guild


Also found in: Dictionary, Thesaurus, Legal, Financial, Encyclopedia, Wikipedia.

guild

a group of species that exploits the same class of environmental resources in a similar way.
References in classic literature ?
Year after year the same guild acted the same play.
The members of each guild tried to make their pageant as fine as they could.
On this occasion, or sometimes on some other festival, it became customary for the guilds to present an extended series of the plays, a series which together contained the essential substance of the Christian story, and therefore of the Christian faith.
And, moreover, I will go dine with you all, my sweet lads, and that as fast as I can hie." Whereupon, having sold all his meat, he closed his stall and went with them to the great Guild Hall.
It is my habit to establish a branch of the Emancipation Guild wherever I go.
It was the Sheriff's custom to dine various guilds of the trade, from time to time, on Fair days, for he got a pretty profit out of the fees they paid him for the right to trade in the market-place.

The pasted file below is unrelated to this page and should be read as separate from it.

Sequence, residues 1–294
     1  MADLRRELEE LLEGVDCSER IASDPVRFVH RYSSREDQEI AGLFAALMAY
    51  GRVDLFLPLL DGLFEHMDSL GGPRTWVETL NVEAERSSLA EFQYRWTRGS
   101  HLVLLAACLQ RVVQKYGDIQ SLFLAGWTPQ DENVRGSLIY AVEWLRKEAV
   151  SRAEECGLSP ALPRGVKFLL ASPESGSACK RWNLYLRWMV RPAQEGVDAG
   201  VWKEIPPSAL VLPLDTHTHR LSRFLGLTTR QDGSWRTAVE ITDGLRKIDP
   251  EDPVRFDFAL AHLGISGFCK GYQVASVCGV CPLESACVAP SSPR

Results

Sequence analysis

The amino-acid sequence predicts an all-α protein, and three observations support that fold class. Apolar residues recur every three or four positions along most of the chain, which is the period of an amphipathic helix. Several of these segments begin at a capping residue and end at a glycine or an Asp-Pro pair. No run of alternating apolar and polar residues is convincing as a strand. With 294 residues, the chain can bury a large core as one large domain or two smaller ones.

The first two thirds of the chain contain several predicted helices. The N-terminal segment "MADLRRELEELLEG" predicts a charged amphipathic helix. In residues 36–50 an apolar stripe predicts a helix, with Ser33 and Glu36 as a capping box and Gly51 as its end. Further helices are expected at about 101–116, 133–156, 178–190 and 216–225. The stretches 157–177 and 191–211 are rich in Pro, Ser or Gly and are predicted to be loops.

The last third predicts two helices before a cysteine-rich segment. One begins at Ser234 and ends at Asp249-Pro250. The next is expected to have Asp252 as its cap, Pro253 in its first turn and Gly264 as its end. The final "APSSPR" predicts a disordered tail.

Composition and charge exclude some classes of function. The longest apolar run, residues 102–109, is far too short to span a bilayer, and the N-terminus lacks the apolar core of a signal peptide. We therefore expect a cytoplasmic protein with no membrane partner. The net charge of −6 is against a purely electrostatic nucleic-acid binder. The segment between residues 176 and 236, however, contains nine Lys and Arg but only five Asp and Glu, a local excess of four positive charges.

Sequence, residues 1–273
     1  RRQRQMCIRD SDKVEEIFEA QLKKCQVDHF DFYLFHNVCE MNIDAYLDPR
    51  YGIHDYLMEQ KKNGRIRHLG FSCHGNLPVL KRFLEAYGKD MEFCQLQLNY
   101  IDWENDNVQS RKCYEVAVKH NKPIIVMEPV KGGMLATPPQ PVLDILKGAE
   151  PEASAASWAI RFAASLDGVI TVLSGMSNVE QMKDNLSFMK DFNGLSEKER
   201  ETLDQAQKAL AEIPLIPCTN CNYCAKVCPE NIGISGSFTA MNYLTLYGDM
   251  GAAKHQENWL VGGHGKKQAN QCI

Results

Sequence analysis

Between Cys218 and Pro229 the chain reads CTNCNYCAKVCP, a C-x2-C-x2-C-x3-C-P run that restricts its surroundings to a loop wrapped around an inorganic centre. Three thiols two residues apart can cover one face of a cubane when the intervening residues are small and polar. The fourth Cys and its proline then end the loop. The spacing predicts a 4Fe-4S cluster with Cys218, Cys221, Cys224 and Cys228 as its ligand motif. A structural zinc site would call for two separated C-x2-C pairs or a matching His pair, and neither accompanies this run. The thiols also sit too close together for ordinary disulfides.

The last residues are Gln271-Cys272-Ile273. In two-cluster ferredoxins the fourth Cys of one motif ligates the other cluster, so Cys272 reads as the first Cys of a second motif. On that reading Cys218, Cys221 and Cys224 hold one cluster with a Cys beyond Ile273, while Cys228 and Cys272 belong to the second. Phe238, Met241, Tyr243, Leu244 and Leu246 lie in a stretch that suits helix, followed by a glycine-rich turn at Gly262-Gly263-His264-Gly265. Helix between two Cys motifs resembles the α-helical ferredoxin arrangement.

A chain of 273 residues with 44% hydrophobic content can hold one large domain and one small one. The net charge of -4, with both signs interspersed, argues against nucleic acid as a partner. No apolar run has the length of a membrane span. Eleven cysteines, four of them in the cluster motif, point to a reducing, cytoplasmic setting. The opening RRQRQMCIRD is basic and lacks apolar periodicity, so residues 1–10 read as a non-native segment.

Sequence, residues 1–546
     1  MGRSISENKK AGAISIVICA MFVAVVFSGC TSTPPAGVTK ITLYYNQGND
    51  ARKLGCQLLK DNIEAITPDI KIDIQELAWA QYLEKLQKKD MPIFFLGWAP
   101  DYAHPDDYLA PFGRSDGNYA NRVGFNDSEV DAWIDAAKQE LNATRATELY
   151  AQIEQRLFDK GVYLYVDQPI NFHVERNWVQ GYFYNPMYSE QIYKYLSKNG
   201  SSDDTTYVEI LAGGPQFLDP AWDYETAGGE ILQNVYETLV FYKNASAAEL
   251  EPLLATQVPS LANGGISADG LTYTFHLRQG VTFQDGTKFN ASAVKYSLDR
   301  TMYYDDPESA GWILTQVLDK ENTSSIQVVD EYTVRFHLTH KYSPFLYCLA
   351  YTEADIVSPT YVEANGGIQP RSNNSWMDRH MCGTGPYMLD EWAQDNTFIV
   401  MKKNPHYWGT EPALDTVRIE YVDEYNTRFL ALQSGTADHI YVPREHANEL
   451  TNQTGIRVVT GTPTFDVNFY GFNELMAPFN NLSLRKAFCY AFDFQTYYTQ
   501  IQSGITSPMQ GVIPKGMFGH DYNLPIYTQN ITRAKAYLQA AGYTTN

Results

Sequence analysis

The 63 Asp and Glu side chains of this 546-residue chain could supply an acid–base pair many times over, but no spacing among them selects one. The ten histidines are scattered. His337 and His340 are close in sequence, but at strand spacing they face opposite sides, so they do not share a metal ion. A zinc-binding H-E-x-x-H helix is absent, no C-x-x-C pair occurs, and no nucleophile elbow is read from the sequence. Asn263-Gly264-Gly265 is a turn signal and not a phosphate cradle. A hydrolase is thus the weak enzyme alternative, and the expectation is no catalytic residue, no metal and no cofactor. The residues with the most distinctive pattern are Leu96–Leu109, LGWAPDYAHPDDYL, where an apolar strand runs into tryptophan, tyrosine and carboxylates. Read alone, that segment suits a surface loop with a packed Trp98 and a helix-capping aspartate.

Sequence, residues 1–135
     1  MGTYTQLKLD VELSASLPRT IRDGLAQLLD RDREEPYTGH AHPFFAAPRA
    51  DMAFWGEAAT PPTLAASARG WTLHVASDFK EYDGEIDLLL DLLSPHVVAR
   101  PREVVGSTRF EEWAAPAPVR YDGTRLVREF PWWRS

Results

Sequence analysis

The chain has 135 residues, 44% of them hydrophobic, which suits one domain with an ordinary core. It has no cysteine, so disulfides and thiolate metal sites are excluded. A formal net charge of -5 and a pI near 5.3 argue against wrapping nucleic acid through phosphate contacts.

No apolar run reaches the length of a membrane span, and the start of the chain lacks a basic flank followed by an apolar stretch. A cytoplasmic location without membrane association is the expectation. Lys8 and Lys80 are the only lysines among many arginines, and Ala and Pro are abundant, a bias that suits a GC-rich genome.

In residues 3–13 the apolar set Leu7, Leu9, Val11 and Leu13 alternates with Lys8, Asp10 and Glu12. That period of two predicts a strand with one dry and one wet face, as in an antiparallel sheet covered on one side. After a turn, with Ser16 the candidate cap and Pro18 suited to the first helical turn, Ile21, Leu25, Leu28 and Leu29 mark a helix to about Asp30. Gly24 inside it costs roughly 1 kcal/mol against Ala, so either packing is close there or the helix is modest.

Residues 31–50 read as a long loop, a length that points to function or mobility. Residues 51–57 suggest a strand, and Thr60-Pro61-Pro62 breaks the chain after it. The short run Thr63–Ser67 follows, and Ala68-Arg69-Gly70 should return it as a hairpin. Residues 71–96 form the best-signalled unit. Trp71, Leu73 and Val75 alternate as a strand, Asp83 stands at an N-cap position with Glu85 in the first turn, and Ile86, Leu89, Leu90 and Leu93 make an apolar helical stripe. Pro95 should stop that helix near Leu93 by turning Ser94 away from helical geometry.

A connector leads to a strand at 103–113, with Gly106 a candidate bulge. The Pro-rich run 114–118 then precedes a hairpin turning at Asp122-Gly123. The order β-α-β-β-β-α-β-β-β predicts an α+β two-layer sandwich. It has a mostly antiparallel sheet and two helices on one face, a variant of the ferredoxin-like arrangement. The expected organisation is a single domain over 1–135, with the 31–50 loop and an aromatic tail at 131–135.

She then went quickly on, and Telemachus followed in her steps till they reached the place where the guilds of the Pylian people were assembled.
Nevertheless, the sailor author's presence in New York was well known to the literary guild. He was invited to join in all new movements, but as often felt obliged to excuse himself from doing so.
Further, he ought to entertain the people with festivals and spectacles at convenient seasons of the year; and as every city is divided into guilds or into societies,[*] he ought to hold such bodies in esteem, and associate with them sometimes, and show himself an example of courtesy and liberality; nevertheless, always maintaining the majesty of his rank, for this he must never consent to abate in anything.
The feudal system of industry, under which industrial production was monopolised by closed guilds, now no longer sufficed for the growing wants of the new markets.
As when a Scout Through dark and desart wayes with peril gone All night; at last by break of chearful dawne Obtains the brow of some high-climbing Hill, Which to his eye discovers unaware The goodly prospect of some forein land First-seen, or some renownd Metropolis With glistering Spires and Pinnacles adornd, Which now the Rising Sun guilds with his beams.
The world is full of masonic ties, of guilds, of secret and public legions of honor; that of scholars, for example; and that of gentlemen, fraternizing with the upper class of every country and every culture.